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Canyonlands National Park, Utah

Canyonlands National Park, Utah
Kimi & Shaun - On Top of the World!

Monday, May 17, 2010

Talking about unschooling in the workplace

While I don't talk to everyone I know about unschooling, I've never hidden the fact that I unschool my children from people I work with. One of the really positive aspects about the work I've been doing for the past 15 years is that I get to spend time visiting customers around the country (and even around the world - Australia and England, mostly). There's often the opportunity to go out to lunch with the customer, where we try not to just talk about work, and where the questions come up about family. When asked, I usually say that I homeschool my kids, and many people are satisfied with that; some ask questions about things like grades and tests, and that's where I start getting into unschooling. (On a personal note, I find myself wanting to walk that fine line about not being afraid to defend my choices without coming across as someone who tries to convert everyone to my point of view - made all the more important by the fact that these are paying customers who could easily decide that they'd rather pay someone else.) Generally speaking, I'm talking to college educated professionals successfully employed in a corporate environment - perhaps the most difficult environment in which to defend unschooling. Sometimes the discussion at this point gets pretty deep, but often there is some level of skepticism, considering how most of us in the corporate world got where we are (e.g., going through the typical education systems from public school through college).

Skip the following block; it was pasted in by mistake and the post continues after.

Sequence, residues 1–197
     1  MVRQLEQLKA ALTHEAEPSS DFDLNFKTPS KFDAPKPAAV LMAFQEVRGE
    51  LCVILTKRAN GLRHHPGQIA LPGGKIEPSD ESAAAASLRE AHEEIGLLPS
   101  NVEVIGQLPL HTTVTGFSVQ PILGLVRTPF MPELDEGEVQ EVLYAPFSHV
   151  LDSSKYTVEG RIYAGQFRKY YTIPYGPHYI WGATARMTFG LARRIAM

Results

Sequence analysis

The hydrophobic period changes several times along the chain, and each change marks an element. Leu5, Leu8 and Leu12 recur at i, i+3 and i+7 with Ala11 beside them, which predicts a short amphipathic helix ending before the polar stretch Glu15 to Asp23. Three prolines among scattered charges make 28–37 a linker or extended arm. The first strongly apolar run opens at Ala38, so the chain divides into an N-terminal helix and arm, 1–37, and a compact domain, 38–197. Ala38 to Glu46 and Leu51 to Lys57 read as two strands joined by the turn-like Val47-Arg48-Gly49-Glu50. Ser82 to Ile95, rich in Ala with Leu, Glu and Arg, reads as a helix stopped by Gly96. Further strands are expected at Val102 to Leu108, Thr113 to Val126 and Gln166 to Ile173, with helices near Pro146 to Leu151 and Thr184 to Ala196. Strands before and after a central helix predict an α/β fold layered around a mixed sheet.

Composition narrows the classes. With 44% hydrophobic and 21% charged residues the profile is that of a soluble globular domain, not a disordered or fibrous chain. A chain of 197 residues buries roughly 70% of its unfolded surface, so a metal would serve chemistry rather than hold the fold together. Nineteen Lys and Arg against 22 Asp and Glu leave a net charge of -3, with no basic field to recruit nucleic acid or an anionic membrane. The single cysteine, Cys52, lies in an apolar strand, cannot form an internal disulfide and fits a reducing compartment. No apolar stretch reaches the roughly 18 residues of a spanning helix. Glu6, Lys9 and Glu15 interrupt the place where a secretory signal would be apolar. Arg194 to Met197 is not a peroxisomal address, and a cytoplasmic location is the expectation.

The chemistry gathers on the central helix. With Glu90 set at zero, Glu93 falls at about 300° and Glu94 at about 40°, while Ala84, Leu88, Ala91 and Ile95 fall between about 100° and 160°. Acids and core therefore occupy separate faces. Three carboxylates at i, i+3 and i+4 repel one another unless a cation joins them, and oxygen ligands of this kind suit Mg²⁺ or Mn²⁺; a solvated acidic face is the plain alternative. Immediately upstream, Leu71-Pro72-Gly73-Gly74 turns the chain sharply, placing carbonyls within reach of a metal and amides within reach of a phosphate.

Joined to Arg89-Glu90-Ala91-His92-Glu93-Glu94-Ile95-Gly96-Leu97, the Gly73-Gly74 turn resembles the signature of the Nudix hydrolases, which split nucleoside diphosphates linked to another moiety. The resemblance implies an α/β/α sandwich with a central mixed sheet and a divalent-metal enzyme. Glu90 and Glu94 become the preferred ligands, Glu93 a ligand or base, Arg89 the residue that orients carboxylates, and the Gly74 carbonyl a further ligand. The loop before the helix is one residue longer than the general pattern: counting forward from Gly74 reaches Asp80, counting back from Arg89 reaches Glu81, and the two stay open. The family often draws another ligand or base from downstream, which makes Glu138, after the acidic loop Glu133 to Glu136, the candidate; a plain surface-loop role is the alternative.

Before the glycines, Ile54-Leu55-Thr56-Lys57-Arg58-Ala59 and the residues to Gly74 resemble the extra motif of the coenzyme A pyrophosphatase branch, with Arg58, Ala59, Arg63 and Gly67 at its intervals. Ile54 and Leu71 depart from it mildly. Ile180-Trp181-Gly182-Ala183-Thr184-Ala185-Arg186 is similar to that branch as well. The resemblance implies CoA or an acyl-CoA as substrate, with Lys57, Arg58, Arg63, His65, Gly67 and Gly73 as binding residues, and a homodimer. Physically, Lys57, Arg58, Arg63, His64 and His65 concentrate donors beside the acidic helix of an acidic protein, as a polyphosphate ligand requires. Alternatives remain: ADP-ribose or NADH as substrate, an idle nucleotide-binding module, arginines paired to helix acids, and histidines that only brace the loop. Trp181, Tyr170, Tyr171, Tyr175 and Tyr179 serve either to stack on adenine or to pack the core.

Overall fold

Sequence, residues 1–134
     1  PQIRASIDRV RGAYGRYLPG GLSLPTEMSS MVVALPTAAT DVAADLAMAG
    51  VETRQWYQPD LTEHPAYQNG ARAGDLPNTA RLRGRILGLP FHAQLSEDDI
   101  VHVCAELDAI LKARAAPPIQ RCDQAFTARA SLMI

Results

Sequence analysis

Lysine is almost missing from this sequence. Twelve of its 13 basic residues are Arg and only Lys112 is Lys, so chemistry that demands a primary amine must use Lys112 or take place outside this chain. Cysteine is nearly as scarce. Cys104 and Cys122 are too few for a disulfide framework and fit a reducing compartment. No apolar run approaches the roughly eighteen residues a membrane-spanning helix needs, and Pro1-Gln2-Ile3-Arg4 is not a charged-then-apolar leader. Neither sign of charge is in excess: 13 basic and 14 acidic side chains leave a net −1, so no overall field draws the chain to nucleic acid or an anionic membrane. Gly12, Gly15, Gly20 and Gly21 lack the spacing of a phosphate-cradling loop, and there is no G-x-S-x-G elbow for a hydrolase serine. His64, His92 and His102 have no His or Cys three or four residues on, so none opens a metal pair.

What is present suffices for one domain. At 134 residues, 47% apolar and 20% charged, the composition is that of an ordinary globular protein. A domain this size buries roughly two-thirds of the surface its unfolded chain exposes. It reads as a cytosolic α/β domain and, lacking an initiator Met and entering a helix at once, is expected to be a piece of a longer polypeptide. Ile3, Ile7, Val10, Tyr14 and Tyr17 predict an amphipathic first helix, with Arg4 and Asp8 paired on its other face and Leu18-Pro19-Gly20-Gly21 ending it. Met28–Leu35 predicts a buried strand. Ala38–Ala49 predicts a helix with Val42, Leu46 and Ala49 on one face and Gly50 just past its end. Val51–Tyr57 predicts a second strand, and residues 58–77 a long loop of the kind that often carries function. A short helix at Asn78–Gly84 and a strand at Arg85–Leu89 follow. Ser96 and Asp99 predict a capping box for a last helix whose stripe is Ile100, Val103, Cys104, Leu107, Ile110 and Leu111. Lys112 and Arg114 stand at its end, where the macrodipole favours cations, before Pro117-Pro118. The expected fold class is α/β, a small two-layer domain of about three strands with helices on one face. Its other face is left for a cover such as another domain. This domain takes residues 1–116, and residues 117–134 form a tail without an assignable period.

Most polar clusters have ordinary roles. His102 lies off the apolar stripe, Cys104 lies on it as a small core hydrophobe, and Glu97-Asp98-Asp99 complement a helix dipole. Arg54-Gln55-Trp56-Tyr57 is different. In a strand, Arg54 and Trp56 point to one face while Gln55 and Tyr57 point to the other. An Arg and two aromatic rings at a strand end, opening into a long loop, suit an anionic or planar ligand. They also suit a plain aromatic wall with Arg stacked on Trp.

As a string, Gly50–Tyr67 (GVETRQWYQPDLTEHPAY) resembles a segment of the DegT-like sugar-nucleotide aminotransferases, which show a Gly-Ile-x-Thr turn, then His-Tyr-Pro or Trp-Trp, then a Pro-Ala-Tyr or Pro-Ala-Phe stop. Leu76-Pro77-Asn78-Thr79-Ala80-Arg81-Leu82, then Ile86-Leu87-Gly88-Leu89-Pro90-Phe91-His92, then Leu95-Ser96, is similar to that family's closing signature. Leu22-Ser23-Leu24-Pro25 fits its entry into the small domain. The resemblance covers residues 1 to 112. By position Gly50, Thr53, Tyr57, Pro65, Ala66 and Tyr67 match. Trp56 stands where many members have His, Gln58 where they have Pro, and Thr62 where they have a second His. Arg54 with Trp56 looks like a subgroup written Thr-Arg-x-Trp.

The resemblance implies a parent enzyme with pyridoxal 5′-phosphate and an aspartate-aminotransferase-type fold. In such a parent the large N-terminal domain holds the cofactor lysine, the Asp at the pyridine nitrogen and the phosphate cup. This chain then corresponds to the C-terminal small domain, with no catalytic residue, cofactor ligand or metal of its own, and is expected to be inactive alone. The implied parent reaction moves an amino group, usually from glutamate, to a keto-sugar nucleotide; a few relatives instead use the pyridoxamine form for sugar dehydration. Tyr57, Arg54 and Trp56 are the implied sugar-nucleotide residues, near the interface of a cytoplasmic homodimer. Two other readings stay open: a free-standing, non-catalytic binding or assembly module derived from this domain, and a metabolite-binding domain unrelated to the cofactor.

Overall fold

When the discussion turns to the background of the individual I'm talking with, it's interesting how often their degree (current or original) is in a field much different than what they are working in today, and how the part of their job that they find the most interesting and/or satisfying ties back to something they did outside of school. For example, I was recently talking with a customer during such a lunch. He has a degree in Psychology, but had always tinkered with computers (even building his own computers). He had been unhappy with his work in the field since he graduated, and a friend of his commented about his hobby "if you could find a job doing that all day, you'd be all set." Well, he went back to school and got a degree in computer science, and has been happily engaged in the high tech industry for 15 years. So, as we discussed unschooling a bit more, he came to appreciate that if he had not gone through the standard process, he would have ended up in his current field sooner, and would have saved a lot of money in student loans over the years.

Over the years, I've had many situations where I've remained in touch with customers like this over extended periods of time, and they will often revisit this topic with me. I've found it interesting to know that even though most of them are not prepared to make the change, they've discussed this issue with their spouses, and they've come up with other questions about unschooling. Part of my method for dealing with their questions is to ask them some questions in response. Two of my favorite questions back to them are "what did you learn in school before college that helps you in your job" and "what is it that you learned in school that you couldn't have learned outside of school." I don't often wait for a response, but it sure gets them thinking. Again, I'm not trying to convert them - just make them understand that there might be a different, if not better way, for kids to spend their time preparing for their adult lives.